MUMBAI: A fresh set of rules proposed by the US Financial Crimes Enforcement Network (Fincen) call for US exchanges to report transfers of cryptocurrency such as bitcoin above $10,000 to non-custodial (unhosted) wallets to Fincen. This also applies to transfers to wallets in certain jurisdictions.
Non-custodial wallets are private wallets such as hardware or paper wallets which are maintained by users directly. These wallets are not hosted by exchanges and exchanges do not have the private keys of such wallets. Exchanges also have to complete Know your Customer (KYC) processes for transfers to non-custodial wallets above $3,000 and keep records of these.
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The Fincen rules are open for public comments and the last date for providing feedback is 4 January, 2021.
According to experts, the new rules can provide a template for cryptocurrency regulation in India. The regulatory landscape has largely been vacant after the Supreme Court quashed a Reserve Bank of India ban on crypto-related payments in March 2020.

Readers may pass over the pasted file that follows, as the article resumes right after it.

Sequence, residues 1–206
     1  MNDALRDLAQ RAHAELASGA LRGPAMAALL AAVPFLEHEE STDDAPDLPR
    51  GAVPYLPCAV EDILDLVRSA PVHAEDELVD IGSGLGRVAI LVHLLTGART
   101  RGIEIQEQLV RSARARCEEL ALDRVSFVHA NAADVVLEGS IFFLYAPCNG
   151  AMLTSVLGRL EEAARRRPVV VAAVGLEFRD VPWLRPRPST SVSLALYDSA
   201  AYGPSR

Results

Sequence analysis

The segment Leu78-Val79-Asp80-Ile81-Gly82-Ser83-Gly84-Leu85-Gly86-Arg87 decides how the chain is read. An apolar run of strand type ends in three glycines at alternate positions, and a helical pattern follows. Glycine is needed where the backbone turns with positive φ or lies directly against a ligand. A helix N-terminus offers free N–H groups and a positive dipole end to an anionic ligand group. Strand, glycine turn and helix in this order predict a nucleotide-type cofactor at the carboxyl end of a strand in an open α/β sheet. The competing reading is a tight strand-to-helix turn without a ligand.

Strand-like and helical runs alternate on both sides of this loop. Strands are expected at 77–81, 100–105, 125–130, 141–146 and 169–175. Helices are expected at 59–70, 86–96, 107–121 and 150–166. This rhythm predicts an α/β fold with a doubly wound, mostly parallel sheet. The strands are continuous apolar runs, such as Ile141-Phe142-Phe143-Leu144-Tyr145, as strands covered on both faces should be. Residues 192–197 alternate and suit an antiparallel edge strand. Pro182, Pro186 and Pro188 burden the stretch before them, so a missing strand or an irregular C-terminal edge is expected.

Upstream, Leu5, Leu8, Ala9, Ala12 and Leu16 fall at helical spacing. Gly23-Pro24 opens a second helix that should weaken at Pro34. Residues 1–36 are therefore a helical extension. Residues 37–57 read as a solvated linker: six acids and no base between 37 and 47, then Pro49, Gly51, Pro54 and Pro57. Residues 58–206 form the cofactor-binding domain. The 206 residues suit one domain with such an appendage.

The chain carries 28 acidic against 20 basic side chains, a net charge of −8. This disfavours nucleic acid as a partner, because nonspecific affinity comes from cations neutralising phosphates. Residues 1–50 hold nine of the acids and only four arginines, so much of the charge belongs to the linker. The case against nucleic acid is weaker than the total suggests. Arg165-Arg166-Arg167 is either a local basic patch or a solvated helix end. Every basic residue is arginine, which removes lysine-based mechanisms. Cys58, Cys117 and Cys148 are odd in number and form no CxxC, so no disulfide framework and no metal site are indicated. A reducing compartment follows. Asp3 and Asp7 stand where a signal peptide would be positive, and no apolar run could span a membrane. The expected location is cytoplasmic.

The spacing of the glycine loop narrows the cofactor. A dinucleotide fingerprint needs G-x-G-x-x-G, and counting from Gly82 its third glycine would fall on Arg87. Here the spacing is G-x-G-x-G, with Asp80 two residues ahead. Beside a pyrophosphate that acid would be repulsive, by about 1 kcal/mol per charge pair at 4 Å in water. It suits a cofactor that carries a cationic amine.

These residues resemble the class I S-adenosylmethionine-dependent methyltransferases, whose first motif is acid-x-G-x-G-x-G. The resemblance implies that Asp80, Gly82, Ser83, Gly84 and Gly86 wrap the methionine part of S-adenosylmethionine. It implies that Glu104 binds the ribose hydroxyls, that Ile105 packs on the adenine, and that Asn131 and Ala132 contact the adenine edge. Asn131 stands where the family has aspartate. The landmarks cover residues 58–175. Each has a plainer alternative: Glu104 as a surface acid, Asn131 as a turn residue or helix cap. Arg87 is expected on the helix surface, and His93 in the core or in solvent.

“The FINCEN rule will not directly affect Indian users, however it can provide a template for Indian regulators,” said Kashif Raza, co founder, Crypto Kanoon, a legal information portal for crypto users in India.
Arjun Vijay, co founder of the Chennai based Giottus Cryptocurrency Exchange concurred. “The rule affects US individuals and US exchanges. But if it is adopted by international bodies like the FATF, it will have a bearing on India. I don’t think this will shift business outside the US. Exchanges outside the US are already wary of accepting US customers due to the stringent regulation in the US,” he said.
However according to Vijay, cryptocurrency volumes in the US could be impacted. “The FINCEN rule will impose an additional layer of paperwork on customers when transferring money to non custodial wallets. They will have to provide KYC for such wallets to exchanges. This can lead to some drop in crypto trading on US exchanges,” he said.
Despite the lack of regulation, enforcement agencies in India frequently ask for KYC details of customers from cryptocurrency exchanges. “Today all major Indian exchanges mandate KYC and enforcement agencies know this. They often call for records from such exchanges in specific cases. India is by no means a regulation free zone,” added Raza.
There is no legislative framework for cryptocurrency regulation in the country.